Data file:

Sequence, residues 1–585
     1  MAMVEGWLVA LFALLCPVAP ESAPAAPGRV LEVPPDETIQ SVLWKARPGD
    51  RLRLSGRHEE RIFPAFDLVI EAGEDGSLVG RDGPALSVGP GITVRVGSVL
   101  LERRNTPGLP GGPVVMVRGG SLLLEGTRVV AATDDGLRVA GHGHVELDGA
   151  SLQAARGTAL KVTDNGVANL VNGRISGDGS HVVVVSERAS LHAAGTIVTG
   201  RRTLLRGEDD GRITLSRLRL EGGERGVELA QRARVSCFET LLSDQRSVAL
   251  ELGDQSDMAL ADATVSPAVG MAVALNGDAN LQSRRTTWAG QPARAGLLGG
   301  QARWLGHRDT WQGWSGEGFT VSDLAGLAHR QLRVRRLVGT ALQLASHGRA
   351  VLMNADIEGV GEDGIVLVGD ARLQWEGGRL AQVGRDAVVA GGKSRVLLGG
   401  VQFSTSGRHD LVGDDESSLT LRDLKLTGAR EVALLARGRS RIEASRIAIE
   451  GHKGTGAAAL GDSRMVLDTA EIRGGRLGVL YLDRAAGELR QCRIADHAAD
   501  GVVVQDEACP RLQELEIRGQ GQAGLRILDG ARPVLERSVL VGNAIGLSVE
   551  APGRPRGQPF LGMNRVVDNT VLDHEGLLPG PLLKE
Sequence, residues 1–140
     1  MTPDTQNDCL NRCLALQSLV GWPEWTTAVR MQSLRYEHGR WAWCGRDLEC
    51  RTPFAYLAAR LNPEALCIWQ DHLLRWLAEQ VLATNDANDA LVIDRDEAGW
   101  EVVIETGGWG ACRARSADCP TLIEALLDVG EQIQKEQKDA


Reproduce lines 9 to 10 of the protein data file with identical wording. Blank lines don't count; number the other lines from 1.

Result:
   351  VLMNADIEGV GEDGIVLVGD ARLQWEGGRL AQVGRDAVVA GGKSRVLLGG
   401  VQFSTSGRHD LVGDDESSLT LRDLKLTGAR EVALLARGRS RIEASRIAIE